Best of the Decade / Adam Johnson / National Albums
Adam Johnson – National Albums
Windhand – s/t
Windhand were the metal I’d always dreamed of – slow, heavy, guitars for days, sonic transmissions from beyond the aeons transmitted through a wall of Marshall amplifiers. They remain the loudest band I’ve ever seen live. While the mist around them has cleared over the last few years, their debut still stands as their best.
Future Islands – Singles
I was in the midst of a new start in my life when Singles was released, so I’ve sort of grafted this album onto my psyche. My life was pretty uncomfortable for quite a while, so these earnest, beautiful songs about love and learning were and remain absolute nourishment.
Brandi Carlile – The Firewatcher’s Daughter
While Carlile had already been writing some of the best songs in the business for a few years (her album The Story was covered in its entirety by an all-star gamut in 2017 for charity), The Firewatcher’s Daughter synthesizes all her best qualities. I fell in love with this album while delivering mail on my very first assigned route, which means I was seriously open to the vibrant menagerie of emotions Carlile was sending my way.
Kendrick Lamar – To Pimp A Butterfly
I could have chosen any (or all) of Lamar’s releases from the decade, but this downright masterpiece is his best offering so far in a most distinguished, unconventional career. The story is solid through and through and the production is high art. Lamar has no real peers in the mainstream game at moment.
IDLES – Joy As An Act of Resistance
I hadn’t heard honest, positive exuberance from a punk band since…well, the Clash when I got a hold of JAAAOR and it hit me in all the rights places: head, heart, gut, balls – and all at once, too. Passion is still the finest fashion, and these mad dogs and Englishmen couldn’t keep their love to themselves if they wanted to.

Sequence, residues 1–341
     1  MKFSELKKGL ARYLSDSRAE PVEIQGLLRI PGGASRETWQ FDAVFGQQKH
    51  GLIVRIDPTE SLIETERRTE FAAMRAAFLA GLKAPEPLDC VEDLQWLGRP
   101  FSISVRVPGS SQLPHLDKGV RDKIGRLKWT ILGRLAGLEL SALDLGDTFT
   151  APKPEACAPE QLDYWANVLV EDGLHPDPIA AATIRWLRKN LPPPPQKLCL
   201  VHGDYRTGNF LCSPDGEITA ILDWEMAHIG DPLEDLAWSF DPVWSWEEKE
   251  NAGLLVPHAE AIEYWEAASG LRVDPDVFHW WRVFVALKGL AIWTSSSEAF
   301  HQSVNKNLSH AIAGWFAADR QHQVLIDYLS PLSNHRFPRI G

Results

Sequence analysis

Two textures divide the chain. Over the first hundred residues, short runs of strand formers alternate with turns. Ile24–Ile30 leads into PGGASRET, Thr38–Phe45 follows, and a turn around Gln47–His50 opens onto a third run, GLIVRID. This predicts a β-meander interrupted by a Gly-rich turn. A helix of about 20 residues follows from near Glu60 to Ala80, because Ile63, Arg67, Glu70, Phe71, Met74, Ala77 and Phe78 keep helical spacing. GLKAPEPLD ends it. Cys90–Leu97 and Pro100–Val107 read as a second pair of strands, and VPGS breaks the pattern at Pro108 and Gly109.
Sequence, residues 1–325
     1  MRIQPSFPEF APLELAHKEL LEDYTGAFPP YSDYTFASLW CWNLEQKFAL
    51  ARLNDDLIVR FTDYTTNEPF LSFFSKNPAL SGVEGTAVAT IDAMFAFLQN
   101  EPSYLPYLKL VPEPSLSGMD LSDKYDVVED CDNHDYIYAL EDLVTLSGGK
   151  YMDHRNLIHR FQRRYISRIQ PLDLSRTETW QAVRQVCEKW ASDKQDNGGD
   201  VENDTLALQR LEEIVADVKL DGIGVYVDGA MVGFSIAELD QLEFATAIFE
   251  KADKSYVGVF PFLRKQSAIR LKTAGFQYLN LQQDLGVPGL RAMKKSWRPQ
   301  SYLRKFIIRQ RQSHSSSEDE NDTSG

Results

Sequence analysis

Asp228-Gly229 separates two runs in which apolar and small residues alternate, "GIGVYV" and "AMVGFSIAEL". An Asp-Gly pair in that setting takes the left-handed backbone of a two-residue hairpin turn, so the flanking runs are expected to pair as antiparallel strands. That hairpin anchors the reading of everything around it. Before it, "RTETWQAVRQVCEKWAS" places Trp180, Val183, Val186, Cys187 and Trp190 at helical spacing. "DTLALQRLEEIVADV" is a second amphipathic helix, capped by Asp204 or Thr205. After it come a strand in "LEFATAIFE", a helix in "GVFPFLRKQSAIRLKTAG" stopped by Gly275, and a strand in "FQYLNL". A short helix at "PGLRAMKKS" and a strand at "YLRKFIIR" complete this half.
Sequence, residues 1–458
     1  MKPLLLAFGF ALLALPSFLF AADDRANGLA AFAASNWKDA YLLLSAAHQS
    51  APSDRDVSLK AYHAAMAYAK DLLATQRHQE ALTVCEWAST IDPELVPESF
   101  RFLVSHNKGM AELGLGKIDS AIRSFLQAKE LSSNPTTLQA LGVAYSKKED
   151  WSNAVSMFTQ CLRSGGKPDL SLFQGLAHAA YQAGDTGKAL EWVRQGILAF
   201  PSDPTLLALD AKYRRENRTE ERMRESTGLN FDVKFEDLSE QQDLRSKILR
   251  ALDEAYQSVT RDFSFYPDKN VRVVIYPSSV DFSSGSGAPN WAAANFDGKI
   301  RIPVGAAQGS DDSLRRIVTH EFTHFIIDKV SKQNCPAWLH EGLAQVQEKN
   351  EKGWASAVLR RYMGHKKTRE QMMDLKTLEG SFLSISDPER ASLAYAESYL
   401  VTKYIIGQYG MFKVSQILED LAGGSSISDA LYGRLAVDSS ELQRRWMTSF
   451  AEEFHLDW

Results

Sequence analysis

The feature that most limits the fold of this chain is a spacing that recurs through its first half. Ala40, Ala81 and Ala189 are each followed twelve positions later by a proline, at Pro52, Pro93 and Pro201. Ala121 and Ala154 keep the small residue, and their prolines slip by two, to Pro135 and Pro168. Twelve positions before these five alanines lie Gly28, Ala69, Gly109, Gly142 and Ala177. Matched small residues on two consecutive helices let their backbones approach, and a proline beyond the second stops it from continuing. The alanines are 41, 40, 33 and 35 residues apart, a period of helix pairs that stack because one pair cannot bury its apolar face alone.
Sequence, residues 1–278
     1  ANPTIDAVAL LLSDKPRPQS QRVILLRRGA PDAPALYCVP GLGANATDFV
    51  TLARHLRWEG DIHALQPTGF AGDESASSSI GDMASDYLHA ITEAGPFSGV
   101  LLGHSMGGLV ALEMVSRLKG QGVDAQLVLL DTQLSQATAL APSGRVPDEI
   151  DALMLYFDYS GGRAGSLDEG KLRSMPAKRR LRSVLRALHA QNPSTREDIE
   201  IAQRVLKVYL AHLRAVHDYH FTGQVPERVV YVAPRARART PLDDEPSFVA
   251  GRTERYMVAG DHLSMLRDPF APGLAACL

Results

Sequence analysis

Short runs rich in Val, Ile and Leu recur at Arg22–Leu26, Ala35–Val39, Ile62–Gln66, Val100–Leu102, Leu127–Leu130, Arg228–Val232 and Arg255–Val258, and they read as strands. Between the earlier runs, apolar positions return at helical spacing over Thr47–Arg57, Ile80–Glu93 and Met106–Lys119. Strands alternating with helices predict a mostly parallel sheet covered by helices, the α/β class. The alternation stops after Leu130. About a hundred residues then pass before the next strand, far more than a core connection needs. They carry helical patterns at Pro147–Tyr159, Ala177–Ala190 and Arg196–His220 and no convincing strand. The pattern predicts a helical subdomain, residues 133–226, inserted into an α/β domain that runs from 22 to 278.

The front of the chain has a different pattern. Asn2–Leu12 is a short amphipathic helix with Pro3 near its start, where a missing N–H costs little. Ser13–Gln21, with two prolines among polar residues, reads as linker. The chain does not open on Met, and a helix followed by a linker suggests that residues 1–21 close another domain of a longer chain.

Courtney Barnett – Sometimes I Sit and Think, and Sometimes I Just Sit…
Barnett established her place in rock-n-roll outright from the continual affluence of Aussie exports with this proper debut in 2015. Her songwriting is off the charts, she can tear the shit out of a guitar, and her powers are only growing stronger; which is just what the world needs more of – strong, talented women kicking out the jams.
Colin Stetson – All This I Do For Glory
I’m not saying Colin Stetson single-handedly brought the saxophone back into the popular spotlight, but this wildly talented horn-blower has been lighting up the musical and cinematic worlds with his unique sensibilities to great effect. There are countless torches blazing at moment for the power of flesh and blood instrumentation, but Stetson’s burns brightest.
David Bowie – Blackstar
A person doesn’t usually get to pen their own eulogy, but David Bowie was far from/beyond normal. While the world has held the Thin White Duke in wholly deserved esteem for decades, it took his death to bring me to this album and allow its gravitas to finally cue me in on a very real fact – David Bowie was a true artist, and we shall never see his like again (whatever that may have been).
PDaft Punk – Random Access Memories
I hated Daft Punk for years. No kidding – hated for years. Then I heard Random Access Memories after a few years of opening my mind to more electronic- and disco-based music and it all made sense. They may not have had a great an influence on the decade as prominent chill-wave artists, but Daft Punk made the best electronic-based album of the 2010s (imho).
High On Fire – Snakes For The Divine
Matt Pike was the true tastemaker in heavy metal for over a decade, and this watermark album is proof positive. Maybe it was the recollection of the mighty Sleep, maybe it was a natural progression of an artist’s talents; Snakes For The Divine is the best guitar work Pike has laid to tape thus far, and it’s the best thing High On Fire will ever do.